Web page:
Also, if you're going beyond Hakata, don't you have to change at either Shin-Osaka or Hakata or somewhere in between? I believe there's more capacity in Shin-Osaka, and then there's the Chuo Shinkansen, which I heard may kill all the Nozomi services...

Also another question - how much capacity is being used on the Ueno-Tokyo Line at this point? Can they squeeze some more trains down to Shinagawa?

My current thought process is to throw all the Shinkansen services down to Shinagawa - you'd have the Tokaido, Chuo and JR East services all stopping there, with Tokyo Station becoming more of a hub for zairaisen services. It may then be possible to close the Shinkansen stop at Ueno (not much of a point when you can take the Ueno-Tokyo Line 1 stop), with only JR East Shinkansen services stopping at Tokyo Station, and extended down to Shinagawa over the old Tokaido tracks.

Not sure how well this would work out, but if the new platforms were added to the 3rd floor, with access from the current 2nd level platforms (and maybe a bridge like Osaka Station's on the 4th floor, linking to the Yaesu side (and if they can find space) the Marunouchi side as well?

Then again, I'm not sure if JR East wants to build another Shinjuku...
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Last edited by luacstjh98; July 26th, 2015 at 05:57 PM.
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Old July 26th, 2015, 06:44 PM   #478
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There are no subways??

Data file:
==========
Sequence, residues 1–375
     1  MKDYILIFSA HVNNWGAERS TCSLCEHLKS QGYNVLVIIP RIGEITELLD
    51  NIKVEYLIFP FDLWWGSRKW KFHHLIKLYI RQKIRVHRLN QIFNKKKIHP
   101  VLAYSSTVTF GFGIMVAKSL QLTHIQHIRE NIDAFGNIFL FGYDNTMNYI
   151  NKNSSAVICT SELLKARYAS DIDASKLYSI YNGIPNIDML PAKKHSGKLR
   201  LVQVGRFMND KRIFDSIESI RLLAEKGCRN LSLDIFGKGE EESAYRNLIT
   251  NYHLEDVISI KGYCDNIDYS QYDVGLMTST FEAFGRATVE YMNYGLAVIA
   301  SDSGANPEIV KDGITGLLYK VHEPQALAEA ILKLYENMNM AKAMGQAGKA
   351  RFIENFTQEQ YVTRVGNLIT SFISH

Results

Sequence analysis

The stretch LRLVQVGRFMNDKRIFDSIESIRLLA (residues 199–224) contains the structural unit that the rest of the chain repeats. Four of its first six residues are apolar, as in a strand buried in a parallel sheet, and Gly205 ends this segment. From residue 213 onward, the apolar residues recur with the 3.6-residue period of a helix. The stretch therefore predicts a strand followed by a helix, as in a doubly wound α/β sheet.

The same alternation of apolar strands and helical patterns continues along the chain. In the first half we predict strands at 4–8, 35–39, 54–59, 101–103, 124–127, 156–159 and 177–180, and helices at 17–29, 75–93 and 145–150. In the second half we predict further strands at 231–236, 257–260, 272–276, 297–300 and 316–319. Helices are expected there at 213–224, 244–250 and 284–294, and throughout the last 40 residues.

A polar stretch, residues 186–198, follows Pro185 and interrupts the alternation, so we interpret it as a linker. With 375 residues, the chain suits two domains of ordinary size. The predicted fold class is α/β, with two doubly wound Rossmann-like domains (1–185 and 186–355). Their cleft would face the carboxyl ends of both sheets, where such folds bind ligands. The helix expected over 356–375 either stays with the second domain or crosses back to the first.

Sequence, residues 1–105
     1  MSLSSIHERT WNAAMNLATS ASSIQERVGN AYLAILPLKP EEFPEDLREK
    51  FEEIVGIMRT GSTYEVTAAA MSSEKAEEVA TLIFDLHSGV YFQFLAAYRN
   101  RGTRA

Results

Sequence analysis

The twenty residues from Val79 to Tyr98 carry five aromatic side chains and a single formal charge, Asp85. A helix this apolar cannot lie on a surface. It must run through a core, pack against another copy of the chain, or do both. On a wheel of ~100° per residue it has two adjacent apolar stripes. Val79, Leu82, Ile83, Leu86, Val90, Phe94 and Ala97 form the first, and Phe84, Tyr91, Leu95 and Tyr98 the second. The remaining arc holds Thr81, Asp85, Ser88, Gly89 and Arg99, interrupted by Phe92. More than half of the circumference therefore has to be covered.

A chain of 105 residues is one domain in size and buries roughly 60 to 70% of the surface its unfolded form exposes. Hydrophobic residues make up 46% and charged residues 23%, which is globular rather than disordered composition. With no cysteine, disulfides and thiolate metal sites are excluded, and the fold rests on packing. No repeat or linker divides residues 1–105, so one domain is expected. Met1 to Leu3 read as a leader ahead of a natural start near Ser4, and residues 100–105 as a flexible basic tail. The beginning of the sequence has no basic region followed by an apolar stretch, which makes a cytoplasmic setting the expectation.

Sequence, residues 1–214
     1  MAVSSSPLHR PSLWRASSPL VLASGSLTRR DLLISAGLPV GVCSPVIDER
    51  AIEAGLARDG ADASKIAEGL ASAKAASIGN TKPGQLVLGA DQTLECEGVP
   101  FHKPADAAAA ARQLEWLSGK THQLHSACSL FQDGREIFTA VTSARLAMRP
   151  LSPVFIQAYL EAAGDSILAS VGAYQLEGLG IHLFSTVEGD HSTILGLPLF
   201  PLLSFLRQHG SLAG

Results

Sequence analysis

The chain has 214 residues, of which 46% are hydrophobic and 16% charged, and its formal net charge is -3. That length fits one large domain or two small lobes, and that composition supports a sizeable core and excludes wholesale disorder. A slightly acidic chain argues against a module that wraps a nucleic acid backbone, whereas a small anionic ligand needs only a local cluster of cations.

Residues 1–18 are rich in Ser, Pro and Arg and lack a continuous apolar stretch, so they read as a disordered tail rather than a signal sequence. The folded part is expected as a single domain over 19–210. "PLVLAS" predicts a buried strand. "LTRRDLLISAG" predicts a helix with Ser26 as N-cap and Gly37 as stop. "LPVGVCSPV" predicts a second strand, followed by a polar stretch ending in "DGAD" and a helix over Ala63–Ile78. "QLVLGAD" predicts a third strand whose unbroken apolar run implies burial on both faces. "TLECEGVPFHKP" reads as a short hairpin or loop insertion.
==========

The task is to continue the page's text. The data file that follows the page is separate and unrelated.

Not as part of the rail-bound transport network.

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What about the Toei Subway?
That's quite a misnomer as they actually operate metro lines.
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Old July 26th, 2015, 06:54 PM   #479
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I don't mean to question too much to keep this debate rolling especially given the original poster using those terms has been banned, but aren't Subways and Metros interchangeable and both mean simply "heavy rail rapid transit"?
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Old July 26th, 2015, 10:47 PM   #480
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Yes they have the same meaning. However, some people take issue with the term subway since it initially represented an underground rail line (in English the prefix "sub" means below or under) and not all metro systems have underground sections and the ones that do may still be predominantly elevated or at grade. But of course, language changes and evolves over time, and just because a word had a particular origin doesn't mean that it will always have the exact same meaning.